Chances are if you are living or traveling in a Spanish speaking country you will use Google Translate at some point.
Google Translate can be a help but it can also mess you up.
Google Translate = Embarrassing Situation
When we moved to Ecuador I used Google Translate (I didn't know any Spanish) to prepare for a conversation I was about to have. I needed to talk to someone about something I wanted them to do and tell them that I would be back the following week to ask them if they did it.
I ended up telling them that I would be back the next week to “argue” with them about it! I had wanted to tell them that I would be back to continue the conversation, but instead, I ended up saying that I would be returning to continue the argument!
Imagine how embarrassed I was when a friend pointed out my mistake and then told me about the pitfalls of using Google Translate. I was a little worried about how things would go when I returned to “argue” with those victims of my poor Spanish.
Thankfully they were very patient and seemed happy to see me again. It has been our experience that Ecuadorians are very understanding and forgiving when we gringos make mistakes while learning the language.
(Bryan found the following video and it was the inspiration for this post. We thought it was really funny and highlighted the experience that is so common to everyone trying to learn Spanish and use Google Translate as a resource. We hope you like it…)
Language Fun With Google Translate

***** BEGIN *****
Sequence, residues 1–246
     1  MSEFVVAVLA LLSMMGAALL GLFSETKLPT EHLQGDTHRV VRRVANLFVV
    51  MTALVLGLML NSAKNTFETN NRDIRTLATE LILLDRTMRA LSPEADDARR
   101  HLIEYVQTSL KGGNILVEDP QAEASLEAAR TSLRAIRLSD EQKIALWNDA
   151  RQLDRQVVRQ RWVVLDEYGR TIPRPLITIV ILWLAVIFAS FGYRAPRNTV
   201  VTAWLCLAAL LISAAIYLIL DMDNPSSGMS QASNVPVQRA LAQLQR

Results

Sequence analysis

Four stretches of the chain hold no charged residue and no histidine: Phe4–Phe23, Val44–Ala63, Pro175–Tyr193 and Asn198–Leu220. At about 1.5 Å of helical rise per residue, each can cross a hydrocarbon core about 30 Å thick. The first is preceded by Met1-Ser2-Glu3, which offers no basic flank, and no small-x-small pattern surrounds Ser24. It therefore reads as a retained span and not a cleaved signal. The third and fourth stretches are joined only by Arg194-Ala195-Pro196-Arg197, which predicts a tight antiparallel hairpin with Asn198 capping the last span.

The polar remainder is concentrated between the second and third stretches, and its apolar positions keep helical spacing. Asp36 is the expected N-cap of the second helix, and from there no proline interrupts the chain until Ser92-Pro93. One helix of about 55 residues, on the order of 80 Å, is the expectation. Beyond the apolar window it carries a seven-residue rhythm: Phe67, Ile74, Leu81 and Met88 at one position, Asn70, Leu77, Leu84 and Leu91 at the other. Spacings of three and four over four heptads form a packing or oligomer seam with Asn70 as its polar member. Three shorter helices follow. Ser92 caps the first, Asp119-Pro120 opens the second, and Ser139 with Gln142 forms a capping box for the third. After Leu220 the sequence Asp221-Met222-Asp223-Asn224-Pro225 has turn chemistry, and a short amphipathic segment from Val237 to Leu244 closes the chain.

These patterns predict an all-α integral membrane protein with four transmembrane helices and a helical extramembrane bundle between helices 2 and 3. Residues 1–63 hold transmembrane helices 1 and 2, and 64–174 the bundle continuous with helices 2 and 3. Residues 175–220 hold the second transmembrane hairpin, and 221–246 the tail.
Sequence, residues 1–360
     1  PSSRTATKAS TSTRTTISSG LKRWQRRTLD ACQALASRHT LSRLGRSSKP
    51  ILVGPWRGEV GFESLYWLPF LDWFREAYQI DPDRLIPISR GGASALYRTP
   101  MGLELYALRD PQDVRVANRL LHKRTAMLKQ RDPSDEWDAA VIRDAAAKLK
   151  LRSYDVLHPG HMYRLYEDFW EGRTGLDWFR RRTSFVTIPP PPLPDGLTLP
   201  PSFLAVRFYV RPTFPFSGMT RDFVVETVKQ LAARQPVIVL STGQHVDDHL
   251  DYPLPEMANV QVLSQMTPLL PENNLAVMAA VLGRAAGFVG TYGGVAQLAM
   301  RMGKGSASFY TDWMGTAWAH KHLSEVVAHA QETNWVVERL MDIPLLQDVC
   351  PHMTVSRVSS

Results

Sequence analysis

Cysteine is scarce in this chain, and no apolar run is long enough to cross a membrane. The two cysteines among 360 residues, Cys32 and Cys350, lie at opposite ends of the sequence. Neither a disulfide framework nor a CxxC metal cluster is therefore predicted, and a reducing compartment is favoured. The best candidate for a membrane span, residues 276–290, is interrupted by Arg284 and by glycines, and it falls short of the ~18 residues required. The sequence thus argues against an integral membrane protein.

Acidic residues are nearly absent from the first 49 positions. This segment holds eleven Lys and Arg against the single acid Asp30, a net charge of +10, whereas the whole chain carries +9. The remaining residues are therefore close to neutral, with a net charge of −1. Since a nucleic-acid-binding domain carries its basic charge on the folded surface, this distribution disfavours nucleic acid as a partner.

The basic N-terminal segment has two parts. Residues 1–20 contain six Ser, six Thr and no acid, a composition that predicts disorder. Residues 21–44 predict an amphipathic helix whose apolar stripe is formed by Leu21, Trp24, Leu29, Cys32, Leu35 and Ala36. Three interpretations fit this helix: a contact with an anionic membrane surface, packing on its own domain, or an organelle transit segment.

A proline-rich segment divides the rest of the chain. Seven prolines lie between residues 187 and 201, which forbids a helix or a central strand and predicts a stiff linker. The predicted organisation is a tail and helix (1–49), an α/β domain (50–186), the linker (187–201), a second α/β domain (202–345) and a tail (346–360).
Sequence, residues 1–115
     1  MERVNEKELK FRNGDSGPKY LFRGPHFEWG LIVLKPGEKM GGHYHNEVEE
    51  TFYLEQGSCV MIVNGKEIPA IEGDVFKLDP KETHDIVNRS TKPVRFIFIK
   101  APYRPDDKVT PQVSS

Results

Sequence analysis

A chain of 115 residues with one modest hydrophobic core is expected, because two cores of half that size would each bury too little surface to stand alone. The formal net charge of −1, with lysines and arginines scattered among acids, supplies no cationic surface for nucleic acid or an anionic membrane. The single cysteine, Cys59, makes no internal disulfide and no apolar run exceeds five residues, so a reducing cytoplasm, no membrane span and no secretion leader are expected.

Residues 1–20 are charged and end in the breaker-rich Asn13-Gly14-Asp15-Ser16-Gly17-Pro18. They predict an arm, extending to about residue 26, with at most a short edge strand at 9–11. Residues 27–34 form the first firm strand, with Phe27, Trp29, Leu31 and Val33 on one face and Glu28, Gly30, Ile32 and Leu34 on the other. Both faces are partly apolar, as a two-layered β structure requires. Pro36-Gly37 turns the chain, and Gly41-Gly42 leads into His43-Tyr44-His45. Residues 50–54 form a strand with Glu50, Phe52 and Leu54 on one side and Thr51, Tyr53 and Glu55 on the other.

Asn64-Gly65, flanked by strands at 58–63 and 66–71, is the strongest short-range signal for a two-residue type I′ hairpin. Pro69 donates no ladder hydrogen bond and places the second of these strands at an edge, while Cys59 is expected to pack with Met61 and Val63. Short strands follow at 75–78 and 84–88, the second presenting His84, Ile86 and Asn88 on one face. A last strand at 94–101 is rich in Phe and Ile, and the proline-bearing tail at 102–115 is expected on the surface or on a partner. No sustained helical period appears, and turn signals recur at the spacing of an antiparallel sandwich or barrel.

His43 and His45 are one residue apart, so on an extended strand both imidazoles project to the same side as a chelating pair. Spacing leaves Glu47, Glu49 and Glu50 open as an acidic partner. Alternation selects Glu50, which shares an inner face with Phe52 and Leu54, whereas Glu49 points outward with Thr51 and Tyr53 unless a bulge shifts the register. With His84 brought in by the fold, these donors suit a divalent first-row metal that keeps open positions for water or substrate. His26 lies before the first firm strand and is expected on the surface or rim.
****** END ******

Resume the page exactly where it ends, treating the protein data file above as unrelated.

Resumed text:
Translation and Context
Google Translate can be a good tool but the problem comes in because there is more than one way to translate the meaning of a word.
For example, the word I used for “to converse” was discutir. Discutir can mean to discuss, to debate or to argue.
More commonly here in Ecuador, it means “to argue.” Google Translate being the machine it is, did not know that I wanted to converse and not argue. It could not pick up on the context of the sentence I had typed into it. Conversar would have been the more appropriate word.
If you type in English and have it translated into Spanish it can help to copy and paste the Spanish results into the typing box and switch the translation to English to see if the results are the same. The results can be surprising 🙂
We still use Google Translate but now we often type in Spanish and have it translated into English. It usually gives us a pretty good idea if we have the conjugation correct.
But we still consult dictionaries and other Spanish learning books (like 501 Spanish Verbs) to make sure that we are not way out in left field. Sometimes we still use Google translate to get the sense of a newspaper article – especially if it is a topic we aren't familiar with.
There is no doubt that we still make a lot of mistakes, but they are less because we know the dangers of only using Google Translate.
More reading: Guide to The Best Way to Learn Spanish (Immersion, Books, Classes, Resources)
Do you have any funny Google Translate stories to share? Please share them with us by commenting on this post.